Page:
Quality readers are like rare earth ore. There’s not enough to go around. Find one and you’ve discovered Lucky Charm’s cauldron of gold. I had to seek them out. Living in a military town certainly helped. Soon, I had a corps of retired Sailors and Marines given me feedback. Coming from a military family filled in some of the gaps in my knowledge but by no means all of them. I followed Stephen King’s advice in On Writing: write until you run into something you don’t know and then go find out about it, and then write some more. I read and interviewed and listened and asked questions. The veil fell away. I started talking in military acronyms. Stuff became “gear.” The wife became my “alpha unit.” When I left the house I ordered my boys to “look lively” and “stay on me.”
Finding an agent required a solid year of patience and stick-to-itiveness. A. Solid. Year. I queried over thirty agents and researched many more that were not good fits. Cherry Weiner was near the top of my list and the first to respond to my query. She told me to come back in six months if I still didn’t have an agent. As the months rolled by so did the rejection letters. Several agents responded with encouragements and “keep goings” but ultimately chose not to take me on, and the reasons were strikingly similar: I didn’t feel as strongly about the writing as I hoped; there were moments, William, but not enough for me to want to take this further. Stuff like that. One of the top SF agents in the country flat out told me my book wasn’t marketable. Six months later, I went back to Cherry. She read the book and asked me to revise a small list of items. This was her test and thank God I passed it. Less than two weeks after she signed me I had a book deal with Tor/Forge.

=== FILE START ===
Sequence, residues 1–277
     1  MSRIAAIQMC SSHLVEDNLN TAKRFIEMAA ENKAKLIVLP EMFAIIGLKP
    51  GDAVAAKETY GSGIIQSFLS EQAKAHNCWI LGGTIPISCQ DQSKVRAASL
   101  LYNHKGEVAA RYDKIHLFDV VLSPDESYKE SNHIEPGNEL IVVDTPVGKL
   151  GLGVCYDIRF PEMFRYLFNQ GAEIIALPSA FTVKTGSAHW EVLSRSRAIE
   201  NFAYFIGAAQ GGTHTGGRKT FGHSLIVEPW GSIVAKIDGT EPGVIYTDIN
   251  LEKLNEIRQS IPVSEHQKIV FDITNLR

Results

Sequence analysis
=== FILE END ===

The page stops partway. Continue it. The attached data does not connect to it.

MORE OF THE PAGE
Cherry Weiner is worth her weight in gold-plated contracts.
My debut SF, Unbreakable, the first in the Chronicles of Promise Paen, is out in less than three months. January 13th, 2015 is P-day (publishing day). The sequel is scheduled for a year later. Unbreakable is releasing in hardcover, e-book, digital audio, and at least one publisher has inquired about foreign language rights. Unzerbrechlich? Maybe. Two years ago I had a manuscript and a dream. Now, I’m walking in high cotton: great agent; great editor; great publisher; and a very small but growing list of converts/fans. I even have an evangelist or two.
I owe a lot of thank-yous to a lot of people. This list is by no means exhaustive:
To Jeremy, my brother-in-law, for encouraging me to try.
To NaNoWriMo, for some much-needed structure and encouraging dailies.
To Lauren Kaplan and Ronie Kendig for their early reads and encouragement.
To Bryan DeBates at the Space Foundation Discovery Center.
To Lt. Col. Gary Foster, USAF (ret.); Col. Tim Hill, USMC (ret.); and Maj. Mike Heath, USMC (ret.).
Special thanks to Cmdr. Mark Gabriel, USN (ret.), for advice and technical assistance.
To Mom, for tolerating less-than-stellar writing and line edits.
To Cherry Weiner, for seeing something there.
To Marco Palmieri and Tor, for giving a fledging writer a shot.
To the author of life. You wrote a crazy story and I can’t wait to get to the end.